Friday, January 13, 2017


You know one of the best things about doing weekly lessons? I get to ask stupid questions in the middle of them and talk to Amanda about how Ashke is feeling, and she acts like that is normal. It has also been very good for us to have weekly lessons. I have really enjoyed learning how to move with Ashke and he seems happy that we are communicating well. Amanda is very good at breaking things down and still pushing just enough that we feel challenged.

One of the things I've been really thinking about is Ashke's attitude when I ask him to canter in the arena. He pins his ears and gets very hyped up when he thinks I'm going to ask. He isn't that way on trail, so I have been pondering what it is I am doing that is eliciting that response in the arena.

Our lessons incorporate serpentines, shoulder in, haunches in, canter circles and leg yields, pretty much every ride. Sometimes we add in canter circles to the walk, spiral circles, leg yields at the canter and working off my seat. On Weds night, I could feel how off Ashke was and how non-committal he was about using his right hind. About the third time he cross fired, I pulled him up and told Amanda that I could feel how hesitant he was to us his right hind. We talked a bit and she said that not only does he push off on that leg to propel the canter, but he is forced to balance us in the gait on just that leg. No wonder he has found ways around that. That conversation reinforced what I was already thinking. I suggested that we work in bigger canter circles to see if we could avoid whatever the strain is that is causing him to cross fire. Amanda agreed and instead of working smaller circles, we did some bigger ones, with lots of praise when he didn't change his leads in the back to the left.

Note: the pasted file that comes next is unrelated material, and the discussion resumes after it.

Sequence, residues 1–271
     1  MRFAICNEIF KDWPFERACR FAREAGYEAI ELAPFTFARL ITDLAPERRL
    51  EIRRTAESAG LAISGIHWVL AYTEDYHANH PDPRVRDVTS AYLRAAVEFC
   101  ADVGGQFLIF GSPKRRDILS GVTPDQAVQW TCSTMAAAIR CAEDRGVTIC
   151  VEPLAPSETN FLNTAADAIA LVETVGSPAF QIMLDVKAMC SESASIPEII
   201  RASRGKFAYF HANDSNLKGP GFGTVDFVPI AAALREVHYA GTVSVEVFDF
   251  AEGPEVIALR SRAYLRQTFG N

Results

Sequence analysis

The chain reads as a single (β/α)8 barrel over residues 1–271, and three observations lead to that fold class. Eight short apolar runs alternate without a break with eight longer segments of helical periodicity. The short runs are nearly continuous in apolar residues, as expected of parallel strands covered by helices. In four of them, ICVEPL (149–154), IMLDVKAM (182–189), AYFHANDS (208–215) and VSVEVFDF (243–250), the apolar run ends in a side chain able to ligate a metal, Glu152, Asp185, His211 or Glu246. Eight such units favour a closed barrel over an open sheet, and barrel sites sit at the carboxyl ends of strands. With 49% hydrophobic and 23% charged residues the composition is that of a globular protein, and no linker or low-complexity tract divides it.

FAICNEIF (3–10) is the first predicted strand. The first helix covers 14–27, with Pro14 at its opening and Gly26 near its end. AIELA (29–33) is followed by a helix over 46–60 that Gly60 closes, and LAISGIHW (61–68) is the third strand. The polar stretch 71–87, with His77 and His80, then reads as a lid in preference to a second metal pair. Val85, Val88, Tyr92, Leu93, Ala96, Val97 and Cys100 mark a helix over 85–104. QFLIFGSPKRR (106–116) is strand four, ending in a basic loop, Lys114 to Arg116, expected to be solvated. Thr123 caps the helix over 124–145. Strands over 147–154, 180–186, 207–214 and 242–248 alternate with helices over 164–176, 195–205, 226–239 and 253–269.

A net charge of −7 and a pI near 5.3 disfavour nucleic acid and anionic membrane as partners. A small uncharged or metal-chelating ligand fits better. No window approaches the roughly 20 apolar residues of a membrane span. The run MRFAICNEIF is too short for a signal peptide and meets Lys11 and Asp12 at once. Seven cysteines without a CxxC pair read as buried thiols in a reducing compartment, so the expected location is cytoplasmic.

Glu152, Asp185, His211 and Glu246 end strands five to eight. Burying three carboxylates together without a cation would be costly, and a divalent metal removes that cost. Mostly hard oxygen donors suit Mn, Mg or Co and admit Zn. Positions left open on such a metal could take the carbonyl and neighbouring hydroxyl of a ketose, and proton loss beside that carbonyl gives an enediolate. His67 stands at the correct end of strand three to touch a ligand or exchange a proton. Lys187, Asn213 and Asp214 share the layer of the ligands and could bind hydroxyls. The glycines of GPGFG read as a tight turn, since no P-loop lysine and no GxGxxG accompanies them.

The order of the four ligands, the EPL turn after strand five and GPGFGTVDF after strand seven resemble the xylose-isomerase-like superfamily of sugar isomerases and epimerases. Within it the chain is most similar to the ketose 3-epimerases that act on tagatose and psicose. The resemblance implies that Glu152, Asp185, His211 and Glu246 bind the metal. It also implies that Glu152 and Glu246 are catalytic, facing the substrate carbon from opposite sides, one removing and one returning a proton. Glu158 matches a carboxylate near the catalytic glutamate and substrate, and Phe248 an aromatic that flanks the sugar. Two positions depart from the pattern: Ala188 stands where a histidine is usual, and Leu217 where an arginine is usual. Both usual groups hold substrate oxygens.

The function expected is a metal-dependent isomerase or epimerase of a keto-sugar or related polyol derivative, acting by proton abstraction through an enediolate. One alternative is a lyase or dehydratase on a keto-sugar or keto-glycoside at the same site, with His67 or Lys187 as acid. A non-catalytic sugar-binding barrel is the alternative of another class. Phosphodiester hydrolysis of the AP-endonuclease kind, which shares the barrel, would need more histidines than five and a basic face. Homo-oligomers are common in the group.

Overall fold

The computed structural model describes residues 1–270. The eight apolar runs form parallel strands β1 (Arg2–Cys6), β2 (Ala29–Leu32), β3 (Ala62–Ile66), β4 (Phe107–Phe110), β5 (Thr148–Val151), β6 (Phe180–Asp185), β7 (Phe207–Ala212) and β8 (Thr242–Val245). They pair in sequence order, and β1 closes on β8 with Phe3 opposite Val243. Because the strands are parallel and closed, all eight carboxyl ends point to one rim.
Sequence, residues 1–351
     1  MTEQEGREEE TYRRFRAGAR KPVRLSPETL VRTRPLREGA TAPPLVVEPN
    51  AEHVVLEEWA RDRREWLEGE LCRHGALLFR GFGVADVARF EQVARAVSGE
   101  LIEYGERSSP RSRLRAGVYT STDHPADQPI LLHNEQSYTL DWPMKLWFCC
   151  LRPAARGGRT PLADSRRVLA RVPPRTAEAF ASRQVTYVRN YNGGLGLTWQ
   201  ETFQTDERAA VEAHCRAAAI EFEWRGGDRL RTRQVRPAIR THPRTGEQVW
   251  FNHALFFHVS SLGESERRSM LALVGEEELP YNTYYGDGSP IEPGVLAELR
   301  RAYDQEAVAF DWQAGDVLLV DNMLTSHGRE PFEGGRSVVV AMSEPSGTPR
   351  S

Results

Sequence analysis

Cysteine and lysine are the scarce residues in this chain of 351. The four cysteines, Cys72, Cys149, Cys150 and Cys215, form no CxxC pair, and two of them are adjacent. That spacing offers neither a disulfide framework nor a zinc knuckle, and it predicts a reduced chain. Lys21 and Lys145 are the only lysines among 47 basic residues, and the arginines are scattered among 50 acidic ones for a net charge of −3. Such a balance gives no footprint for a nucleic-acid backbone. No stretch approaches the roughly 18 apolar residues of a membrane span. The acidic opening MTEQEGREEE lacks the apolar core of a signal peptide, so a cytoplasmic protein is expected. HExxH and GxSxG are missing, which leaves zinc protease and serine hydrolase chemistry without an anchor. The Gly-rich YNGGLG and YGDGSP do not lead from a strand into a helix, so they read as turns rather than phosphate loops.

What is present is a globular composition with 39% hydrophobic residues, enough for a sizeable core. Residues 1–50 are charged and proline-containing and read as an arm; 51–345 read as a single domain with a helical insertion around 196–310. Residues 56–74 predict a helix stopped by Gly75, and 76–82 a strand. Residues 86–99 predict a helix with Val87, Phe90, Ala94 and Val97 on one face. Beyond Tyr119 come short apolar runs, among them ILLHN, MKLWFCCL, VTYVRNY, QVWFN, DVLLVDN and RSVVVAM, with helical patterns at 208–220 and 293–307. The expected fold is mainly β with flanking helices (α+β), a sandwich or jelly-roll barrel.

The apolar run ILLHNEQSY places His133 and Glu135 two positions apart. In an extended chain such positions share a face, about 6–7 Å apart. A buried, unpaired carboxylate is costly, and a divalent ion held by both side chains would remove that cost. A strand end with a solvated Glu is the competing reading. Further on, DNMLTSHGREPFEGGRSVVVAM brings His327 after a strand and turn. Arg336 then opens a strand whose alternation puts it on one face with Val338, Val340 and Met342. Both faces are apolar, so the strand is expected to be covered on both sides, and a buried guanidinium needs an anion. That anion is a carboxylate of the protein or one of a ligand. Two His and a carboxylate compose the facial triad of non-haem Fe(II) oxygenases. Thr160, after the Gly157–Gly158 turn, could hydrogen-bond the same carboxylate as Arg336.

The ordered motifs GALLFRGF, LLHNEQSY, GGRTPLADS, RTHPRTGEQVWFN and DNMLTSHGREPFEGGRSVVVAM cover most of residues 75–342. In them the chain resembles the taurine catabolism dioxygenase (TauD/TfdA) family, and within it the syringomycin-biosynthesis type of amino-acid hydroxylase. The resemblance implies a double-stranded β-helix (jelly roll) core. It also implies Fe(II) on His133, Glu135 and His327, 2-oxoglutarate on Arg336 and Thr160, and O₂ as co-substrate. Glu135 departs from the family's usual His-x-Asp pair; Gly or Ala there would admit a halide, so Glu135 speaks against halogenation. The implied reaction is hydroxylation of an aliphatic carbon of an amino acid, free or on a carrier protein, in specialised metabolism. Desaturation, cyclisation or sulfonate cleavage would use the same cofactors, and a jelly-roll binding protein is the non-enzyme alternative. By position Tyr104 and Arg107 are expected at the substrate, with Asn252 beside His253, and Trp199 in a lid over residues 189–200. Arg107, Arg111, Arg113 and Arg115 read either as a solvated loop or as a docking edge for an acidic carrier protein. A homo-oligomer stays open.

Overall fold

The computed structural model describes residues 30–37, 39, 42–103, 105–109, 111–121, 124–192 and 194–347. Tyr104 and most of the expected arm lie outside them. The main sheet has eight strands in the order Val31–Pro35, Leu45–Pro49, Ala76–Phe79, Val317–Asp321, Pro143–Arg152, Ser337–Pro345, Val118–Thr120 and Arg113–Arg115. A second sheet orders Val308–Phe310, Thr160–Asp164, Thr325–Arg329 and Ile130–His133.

Amanda had us do haunches in, which I think he managed to do with the best effort and form to date, and which helped loosen up that hamstring. Then, because she is the best, Amanda had us working on stopping from just my seat and legs.

But not just stopping. By tilting my pelvis and opening my hips, I could encourage Ashke to extend his movement into a bigger stride, then collect it back down to the slower gait. We worked on the walk to trot, walk to bigger walk, trot to bigger trot, trot to halt, and all varieties in between. It was so fun and I can't wait to work on it on our next ride. As I focused on not moving anything but the muscles between my thighs, Ashke got more and more quiet in his response. At the end of that part of our lesson, we achieved an easy and very quiet transition to the canter in both directions at least three times.

We finished up with cantering up to an obstacle and then trotting the drums, because I mistakenly thought I would be trotting the drums. Going forward, I will need to canter the drums.

After we were finished, I was talking to Amanda about Ashke and our ride. I firmly believe, after riding the exercise where I got quieter and quieter, that he feels like I have been shouting at him every time I ask for the canter. And being shouted at makes him unhappy and anxious. I'm looking forward to working on getting him super responsive to my very subtle ask, rather than the bullying behavior I have been engaged in.

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